If you do receive a call from an unknown individual or company, do not give any of your personal information to them, and hang up if they request anything suspicious or if they seem unprofessional. If they are legitimate, they will find another way of contacting you.

Finally, do research into common phone scams so that you are equipped to identify them and avoid them. If you have had a suspicious phone call, research the company and speak to your family and friends about whether they have received a similar call.

3. Protecting yourself from in-person scams

As always, do not give your personal information away when you are not familiar with the company, or they are requesting something private like your payment information. Never make a payment on the spot; hang up the phone and give yourself time to do research and speak to a financial adviser.

You should also ask for a written offer so that you have proof if you are scammed. If the company refuses to do this, you know that they are likely to be scammers.

To make it less likely that you are targeted by scammers, put up a ‘no cold callers’ sign on your door, or ask a family member to do this for you. Do not let anyone into your home if you do not know them and they are trying to sell you something.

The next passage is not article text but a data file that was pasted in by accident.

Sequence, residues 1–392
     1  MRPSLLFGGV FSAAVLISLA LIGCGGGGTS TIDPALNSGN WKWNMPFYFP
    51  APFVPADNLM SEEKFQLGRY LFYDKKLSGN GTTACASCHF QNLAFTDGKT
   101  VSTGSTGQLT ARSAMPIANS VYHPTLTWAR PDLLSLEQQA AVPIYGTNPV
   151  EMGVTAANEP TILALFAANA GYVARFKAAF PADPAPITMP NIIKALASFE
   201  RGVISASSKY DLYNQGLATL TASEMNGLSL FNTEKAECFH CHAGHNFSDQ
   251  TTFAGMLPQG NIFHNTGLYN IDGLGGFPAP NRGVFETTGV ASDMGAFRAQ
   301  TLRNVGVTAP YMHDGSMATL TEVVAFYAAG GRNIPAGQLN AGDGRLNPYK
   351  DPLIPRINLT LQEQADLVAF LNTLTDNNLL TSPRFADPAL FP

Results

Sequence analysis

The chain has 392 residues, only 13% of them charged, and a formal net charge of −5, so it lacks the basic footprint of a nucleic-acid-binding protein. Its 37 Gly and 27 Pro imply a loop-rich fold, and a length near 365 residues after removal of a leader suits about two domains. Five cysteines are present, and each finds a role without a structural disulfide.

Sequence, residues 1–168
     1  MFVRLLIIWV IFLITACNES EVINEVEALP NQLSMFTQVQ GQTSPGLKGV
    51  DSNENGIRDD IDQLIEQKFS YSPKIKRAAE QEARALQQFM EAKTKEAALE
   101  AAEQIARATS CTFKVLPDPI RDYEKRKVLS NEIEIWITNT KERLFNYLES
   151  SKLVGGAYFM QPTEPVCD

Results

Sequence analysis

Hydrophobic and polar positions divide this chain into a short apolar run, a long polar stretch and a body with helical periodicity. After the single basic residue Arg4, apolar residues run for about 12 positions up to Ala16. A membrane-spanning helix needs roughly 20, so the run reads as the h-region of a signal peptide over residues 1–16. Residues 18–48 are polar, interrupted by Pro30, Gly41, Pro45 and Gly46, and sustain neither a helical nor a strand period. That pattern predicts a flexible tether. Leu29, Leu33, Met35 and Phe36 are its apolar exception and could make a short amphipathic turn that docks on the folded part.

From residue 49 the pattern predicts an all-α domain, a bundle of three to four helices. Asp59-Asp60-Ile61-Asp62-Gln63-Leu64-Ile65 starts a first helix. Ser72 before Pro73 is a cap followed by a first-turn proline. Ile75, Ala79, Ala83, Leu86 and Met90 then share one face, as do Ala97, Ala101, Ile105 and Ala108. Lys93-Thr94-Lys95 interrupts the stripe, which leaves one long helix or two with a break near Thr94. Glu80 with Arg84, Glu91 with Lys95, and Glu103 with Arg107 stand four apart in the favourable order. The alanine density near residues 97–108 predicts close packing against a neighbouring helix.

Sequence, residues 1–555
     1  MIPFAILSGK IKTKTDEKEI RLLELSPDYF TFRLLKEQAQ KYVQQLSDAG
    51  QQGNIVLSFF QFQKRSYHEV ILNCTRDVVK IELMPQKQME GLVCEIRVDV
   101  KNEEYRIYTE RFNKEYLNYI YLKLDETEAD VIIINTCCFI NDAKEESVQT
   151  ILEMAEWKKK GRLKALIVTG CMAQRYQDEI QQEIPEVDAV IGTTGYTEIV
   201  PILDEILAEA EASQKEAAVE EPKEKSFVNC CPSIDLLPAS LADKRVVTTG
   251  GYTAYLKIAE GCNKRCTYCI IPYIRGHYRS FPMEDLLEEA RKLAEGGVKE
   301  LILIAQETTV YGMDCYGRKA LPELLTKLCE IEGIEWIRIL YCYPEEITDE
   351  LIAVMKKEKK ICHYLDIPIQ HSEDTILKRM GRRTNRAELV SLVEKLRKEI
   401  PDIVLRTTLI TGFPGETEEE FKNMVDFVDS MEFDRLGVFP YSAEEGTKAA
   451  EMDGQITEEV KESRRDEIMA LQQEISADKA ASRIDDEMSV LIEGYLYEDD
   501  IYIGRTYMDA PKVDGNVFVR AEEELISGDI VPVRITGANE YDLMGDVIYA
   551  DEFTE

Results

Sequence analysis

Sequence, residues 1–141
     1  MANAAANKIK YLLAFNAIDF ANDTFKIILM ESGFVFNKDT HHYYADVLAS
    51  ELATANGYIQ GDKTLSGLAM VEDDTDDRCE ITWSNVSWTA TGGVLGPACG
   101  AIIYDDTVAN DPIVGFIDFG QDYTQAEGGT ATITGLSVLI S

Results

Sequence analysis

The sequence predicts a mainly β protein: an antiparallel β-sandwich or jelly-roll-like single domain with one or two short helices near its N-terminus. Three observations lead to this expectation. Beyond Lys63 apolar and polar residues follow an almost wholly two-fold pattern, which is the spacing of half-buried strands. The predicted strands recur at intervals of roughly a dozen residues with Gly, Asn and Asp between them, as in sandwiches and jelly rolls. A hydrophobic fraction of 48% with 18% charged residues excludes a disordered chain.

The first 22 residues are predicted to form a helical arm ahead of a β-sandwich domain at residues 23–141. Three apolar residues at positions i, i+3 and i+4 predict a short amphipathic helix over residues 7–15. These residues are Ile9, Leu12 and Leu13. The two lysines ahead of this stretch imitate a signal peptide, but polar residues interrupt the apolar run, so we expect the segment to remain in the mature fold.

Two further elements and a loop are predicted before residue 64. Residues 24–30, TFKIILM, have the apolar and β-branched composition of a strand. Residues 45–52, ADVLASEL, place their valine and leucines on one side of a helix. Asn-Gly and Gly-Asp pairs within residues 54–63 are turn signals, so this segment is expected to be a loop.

Please call our 24-Hour Helpline: 0330 058 1579

4. Protecting yourself from postal scams

Much like the TPS, you can register for the Mailing Preference Service to avoid being contacted with unsolicited offers (6).

However, if you are not registered with MPS, the best thing to do is to stay updated on common postal scams, know which red flags to look out for, and rip up any documents that contain your personal details after reading them.

How to Protect the Elderly From Scams

Below, we provide guidance to help the loved-one better protect their elderly relatives from scams:

1. Talk to your elderly loved ones about scams

If you want to protect your elderly loved ones from scams, the best thing you can do is be open with them about scams and help them to know what to look out for. You could also offer to read any suspicious letters, answer calls from companies, or read emails for them if they are not confident with detecting scams.

2. Help your elderly loved ones out practically

It is also a good idea to help your elderly loved ones out practically, especially if they are not comfortable with using the internet.

Help them to create strong passwords and encourage them to change their passwords regularly, and maybe even offer to check on their finances periodically if this is something they are comfortable with.

In terms of helping them avoid in-person scams, you could put up a ‘no cold callers’ sign on their door and encourage them to not answer the door to anyone who is trying to sell something.

Please call our 24-Hour Helpline: 0330 058 1579

What to Do If You Have Been Scammed

Below, we provide some guidance if you have already been a victim of a scam:

1. Get as much evidence as possible